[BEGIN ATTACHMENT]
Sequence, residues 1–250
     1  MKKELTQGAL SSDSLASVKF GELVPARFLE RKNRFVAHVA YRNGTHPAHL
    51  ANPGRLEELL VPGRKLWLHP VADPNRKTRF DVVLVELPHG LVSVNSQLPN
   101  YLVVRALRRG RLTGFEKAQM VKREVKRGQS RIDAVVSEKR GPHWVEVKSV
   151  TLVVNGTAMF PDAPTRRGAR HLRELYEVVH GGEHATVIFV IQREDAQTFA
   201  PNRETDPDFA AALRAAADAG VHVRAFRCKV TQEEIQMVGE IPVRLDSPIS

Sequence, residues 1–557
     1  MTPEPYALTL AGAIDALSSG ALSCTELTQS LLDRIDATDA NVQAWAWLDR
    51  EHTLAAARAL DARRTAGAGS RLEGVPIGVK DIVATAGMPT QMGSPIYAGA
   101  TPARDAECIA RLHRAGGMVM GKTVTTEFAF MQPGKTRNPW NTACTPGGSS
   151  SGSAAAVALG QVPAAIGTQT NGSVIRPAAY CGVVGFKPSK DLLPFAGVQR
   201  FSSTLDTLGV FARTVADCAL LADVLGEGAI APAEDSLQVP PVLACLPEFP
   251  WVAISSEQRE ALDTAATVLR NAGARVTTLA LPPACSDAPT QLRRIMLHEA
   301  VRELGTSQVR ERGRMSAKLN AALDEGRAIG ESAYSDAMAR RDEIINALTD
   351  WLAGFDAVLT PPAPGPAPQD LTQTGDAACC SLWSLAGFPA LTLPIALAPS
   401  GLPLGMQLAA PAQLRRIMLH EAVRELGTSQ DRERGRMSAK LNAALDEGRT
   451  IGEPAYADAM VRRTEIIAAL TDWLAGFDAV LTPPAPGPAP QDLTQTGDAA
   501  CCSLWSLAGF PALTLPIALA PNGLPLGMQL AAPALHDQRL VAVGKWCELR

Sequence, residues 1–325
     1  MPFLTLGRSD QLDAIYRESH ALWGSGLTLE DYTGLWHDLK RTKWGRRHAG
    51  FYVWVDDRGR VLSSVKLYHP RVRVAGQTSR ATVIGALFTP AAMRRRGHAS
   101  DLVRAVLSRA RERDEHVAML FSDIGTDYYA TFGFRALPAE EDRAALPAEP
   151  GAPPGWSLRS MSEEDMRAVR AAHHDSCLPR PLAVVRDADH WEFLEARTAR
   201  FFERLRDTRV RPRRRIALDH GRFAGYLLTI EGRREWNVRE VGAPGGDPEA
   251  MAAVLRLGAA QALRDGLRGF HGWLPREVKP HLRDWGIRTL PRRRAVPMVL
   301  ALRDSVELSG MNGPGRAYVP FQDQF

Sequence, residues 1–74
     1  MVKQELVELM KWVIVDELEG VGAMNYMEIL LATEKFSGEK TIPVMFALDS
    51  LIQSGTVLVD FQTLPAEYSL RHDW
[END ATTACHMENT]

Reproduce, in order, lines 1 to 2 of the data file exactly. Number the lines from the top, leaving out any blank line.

Sequence, residues 1–250
     1  MKKELTQGAL SSDSLASVKF GELVPARFLE RKNRFVAHVA YRNGTHPAHL